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A new possibility to improve photosynthesis modelling in vegetation models

A new possibility to improve photosynthesis modelling in vegetation models

New observations of chlorofyll fluorescence enable to detect photosynthesis of plants from space. Adding chlorofyll fluorescence to vegetation models provides means to understand photosynthesis better at a global scale and improve its modelling.

Advanced remote sensing methods provide observations of chlorophyll fluorescence from space. Chlorophyll fluorescence takes place in the plant leaves simultaneously with photosynthesis, therefore a direct link between the two exists and chlorophyll fluorescence can be used to track photosynthesis. Obtaining reliable estimates of photosynthesis at global scale has been challenging and these new observations thus provide a new, valuable data source.

In order to use chlorophyll fluorescence in model development, a process-based description for it is required. In this work we implemented a chlorophyll fluorescence model developed at leaf scale to a global vegetation model JSBACH and we evaluated the model performance in terms of photosynthesis and chlorophyll fluorescence. In the comparison we used leaf level observations from Hyytiälä, CO2 flux observations from four coniferous forests in Finland as well as observations from GOME2 satellite. Additionally we compared the skill of chlorophyll fluorescence to commonly used vegetation index, fraction of photosynthetically active radiation that is more connected with the amount of green biomass than directly with photosynthesis.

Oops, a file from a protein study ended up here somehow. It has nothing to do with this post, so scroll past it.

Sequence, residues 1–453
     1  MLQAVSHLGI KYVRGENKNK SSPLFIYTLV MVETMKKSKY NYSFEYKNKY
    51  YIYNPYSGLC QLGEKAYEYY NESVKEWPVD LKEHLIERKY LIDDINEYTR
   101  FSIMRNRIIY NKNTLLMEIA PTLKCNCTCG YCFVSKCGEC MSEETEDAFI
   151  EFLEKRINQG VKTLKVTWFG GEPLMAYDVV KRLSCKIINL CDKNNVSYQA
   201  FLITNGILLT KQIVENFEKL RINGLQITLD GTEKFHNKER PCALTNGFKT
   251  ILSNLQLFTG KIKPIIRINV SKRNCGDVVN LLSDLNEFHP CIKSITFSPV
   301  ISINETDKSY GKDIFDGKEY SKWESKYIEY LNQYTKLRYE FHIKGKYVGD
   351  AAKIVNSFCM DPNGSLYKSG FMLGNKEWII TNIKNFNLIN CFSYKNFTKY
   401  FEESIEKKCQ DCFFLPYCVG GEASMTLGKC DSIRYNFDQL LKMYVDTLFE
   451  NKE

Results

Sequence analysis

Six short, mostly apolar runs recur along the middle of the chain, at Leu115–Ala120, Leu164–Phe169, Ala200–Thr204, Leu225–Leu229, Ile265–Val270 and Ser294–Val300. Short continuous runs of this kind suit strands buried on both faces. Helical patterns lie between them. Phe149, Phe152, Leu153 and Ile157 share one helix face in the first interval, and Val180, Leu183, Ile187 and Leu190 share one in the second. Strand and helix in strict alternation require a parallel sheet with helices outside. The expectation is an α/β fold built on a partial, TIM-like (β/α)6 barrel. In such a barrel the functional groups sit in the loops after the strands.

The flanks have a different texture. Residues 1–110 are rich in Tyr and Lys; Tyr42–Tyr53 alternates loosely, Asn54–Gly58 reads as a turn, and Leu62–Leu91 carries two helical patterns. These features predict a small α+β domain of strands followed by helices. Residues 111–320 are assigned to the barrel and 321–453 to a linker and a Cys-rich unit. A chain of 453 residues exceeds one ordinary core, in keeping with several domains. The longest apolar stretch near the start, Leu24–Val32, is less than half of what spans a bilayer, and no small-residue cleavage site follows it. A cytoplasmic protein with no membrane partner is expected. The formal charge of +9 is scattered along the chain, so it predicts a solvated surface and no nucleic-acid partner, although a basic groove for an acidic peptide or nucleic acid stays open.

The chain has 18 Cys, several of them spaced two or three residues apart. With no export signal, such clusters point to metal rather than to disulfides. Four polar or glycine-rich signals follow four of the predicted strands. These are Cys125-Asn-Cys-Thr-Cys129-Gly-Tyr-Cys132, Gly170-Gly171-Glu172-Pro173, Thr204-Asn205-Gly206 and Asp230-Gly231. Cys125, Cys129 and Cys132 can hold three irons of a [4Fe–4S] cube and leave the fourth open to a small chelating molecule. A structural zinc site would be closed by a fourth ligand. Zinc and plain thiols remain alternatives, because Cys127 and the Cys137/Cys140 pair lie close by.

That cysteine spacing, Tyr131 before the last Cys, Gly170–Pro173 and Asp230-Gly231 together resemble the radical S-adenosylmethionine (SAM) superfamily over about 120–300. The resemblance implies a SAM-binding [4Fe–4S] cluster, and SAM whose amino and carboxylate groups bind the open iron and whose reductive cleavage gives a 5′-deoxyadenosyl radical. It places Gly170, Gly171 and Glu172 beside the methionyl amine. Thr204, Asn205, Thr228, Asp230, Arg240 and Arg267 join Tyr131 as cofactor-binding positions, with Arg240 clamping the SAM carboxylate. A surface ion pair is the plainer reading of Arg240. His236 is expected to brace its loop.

Comparison at the CO2 flux sites revealed the capability of the chlorophyll fluorescence to track photosynthesis and possibilities for data assimilation applications. Larger scale simulation was done for the Fenno-Scandinavian region. The model was successful in simulating the observed chlorophyll signal (figure 1). In the northernmost region the seasonal cycle of the remotely sensed signal differed from both model simulations as well as from a data-based upscaled photosynthesis product. This highlights the challenges that the remote sensing products have at high latitudes.

The Finnish Meteorological Institute implemented the chlorophyll fluorescence model into a global vegetation model in collaboration with researchers from the Max Planck Institute. Additionally CO2 flux observations from the Finnish Meteorological Institute were used in the study. Also Dutch and Italian researchers were involved in this work. The study was funded by e.g. The Academy of Finland.

Picture 1. The average of five years (07-11) for (a) chlorophyll fluorescence observed from space, (b) modelled chlorophyll fluorescence, (c) modelled photosynthesis, (d) photosynthesis from upscaled data-based product.

More information:

Reseacher Tea Thum, tea.thum@fmi.fi

Thum, T., Zaehle, S., Köhler, P., Aalto, T., Aurela, M., Guanter, L., Kolari, P., Laurila, T., Lohila, A., Magnani, F., Van Der Tol, C., and Markkanen, T.: Modelling sun-induced fluorescence and photosynthesis with a land surface model at local and regional scales in northern Europe, Biogeosciences, 14, 1969-1987, doi:10.5194/bg-14-1969-2017, 2017.

http://www.biogeosciences.net/14/1969/2017/

 


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